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Connecting at Conferences

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AAHAM has two main events each year, our ANI and Legislative Day. Our local chapters also have their own regularly scheduled meetings and conferences. Sometimes I hear that someone did not feel they made the most of their time and money they invested attending a conference; others may say it was the best thing they did for themselves and their company.

What is the difference?

To maximize a conference you need to have a plan. Regardless if you think you are the shyest person around, there is always someone shyer. You need to commit to introducing yourself to at least three new people every day. While it’s great (adn valuable) to connect with people you know, by meeting new people you have an opportunity to broaden your circle of contacts. Pretend you are the event host or hostess and go up to someone. I prefer going up to someone standing alone, ask them what chapter they belong to or if this is their first ANI, Legislative Day, etc. I can assure you they will be glad you approached them.    

Focus on the connection not collecting business cards. What good is a stack of business cards if you haven’t learned about a person and engaged them in a face-to-face conversation?  When you obtain someone’s card quickly make a note on the back of every card something to help you remember the conversation after the event. These details will refresh your memory when you are back at your desk after the conference. Try to learn where they went to school, a hobby or a tidbit about them in addition to their business focus.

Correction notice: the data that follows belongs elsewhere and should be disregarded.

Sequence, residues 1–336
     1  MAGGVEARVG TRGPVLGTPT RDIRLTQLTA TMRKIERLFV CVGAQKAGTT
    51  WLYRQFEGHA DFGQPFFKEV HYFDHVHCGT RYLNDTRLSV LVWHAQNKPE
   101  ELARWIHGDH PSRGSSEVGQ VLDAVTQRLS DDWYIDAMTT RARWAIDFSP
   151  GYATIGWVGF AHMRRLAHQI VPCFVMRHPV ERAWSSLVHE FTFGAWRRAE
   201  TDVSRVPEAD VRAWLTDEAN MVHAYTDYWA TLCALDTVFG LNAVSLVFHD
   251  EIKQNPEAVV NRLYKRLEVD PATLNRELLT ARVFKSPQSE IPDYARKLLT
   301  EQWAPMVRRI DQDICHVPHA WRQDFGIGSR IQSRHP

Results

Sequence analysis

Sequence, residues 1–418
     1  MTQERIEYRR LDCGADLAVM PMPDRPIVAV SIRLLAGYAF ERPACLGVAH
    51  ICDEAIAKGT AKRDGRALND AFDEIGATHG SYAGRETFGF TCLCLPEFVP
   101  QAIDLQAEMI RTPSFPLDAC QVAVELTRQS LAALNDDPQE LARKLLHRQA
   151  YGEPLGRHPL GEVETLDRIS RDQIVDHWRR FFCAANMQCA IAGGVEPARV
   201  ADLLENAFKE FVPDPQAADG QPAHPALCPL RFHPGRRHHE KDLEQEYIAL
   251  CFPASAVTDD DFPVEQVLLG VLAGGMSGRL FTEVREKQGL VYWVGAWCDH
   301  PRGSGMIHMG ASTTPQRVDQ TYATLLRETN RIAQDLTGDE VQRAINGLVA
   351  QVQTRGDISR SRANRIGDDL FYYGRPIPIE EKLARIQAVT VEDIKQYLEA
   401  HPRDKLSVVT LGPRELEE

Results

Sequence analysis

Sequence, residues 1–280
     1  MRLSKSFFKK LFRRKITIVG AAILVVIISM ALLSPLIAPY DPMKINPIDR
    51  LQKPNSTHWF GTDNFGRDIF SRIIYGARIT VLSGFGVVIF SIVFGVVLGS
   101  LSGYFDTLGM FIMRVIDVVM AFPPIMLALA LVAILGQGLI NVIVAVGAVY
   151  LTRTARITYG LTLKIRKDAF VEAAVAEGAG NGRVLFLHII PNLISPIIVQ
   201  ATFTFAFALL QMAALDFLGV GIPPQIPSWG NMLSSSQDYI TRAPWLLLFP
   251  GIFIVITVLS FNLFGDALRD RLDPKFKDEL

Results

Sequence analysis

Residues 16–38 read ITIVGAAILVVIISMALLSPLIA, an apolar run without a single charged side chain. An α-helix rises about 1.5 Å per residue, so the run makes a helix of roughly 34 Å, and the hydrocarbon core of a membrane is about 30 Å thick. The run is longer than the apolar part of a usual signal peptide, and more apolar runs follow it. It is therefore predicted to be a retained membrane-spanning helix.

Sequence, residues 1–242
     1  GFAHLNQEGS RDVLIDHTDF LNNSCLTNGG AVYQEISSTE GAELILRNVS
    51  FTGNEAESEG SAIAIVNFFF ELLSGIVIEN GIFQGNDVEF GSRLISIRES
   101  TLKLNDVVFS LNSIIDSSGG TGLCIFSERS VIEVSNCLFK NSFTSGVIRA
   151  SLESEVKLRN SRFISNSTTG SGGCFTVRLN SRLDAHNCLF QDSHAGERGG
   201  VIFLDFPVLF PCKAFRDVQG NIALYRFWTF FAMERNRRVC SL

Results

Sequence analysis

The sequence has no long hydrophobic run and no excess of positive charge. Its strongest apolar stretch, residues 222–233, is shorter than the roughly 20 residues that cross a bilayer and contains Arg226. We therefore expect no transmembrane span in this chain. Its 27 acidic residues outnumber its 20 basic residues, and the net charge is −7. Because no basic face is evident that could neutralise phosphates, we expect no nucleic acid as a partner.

Try to stay at the conference hotel even though it may be cheaper to stay at a budget hotel or with friends or relatives or even go home if the meeting is nearby. People are hanging out casually after a meeting. It’s a great opportunity to engage people in conversations at the hotel gym or pool or even in line waiting for an elevator or restaurant. There could be a potential business contact in the lobby bar after the event. Down times can be effective for networking and making contacts. Socializing is an important aspect of attending conferences and hiding in your room or staingwith family doesn’t net effective results.

You’ve made the investment of time and money to attend the event but the real work comes in follow up. Within three days of the event, you need to reconnect while the contact is still warm. You may not necessarily reap a new contract, job offer or client, but by keeping in touch with emails, telephone calls, and social media, you start forging a relationship. Start looking at the people you met on LinkedIn and follow them on Facebook. The next conference you’ll know many more people to say hello to!     

Belonging to an association is an investment that is worthwhile and making the most of attending conferences and meetings is huge part of your membership.

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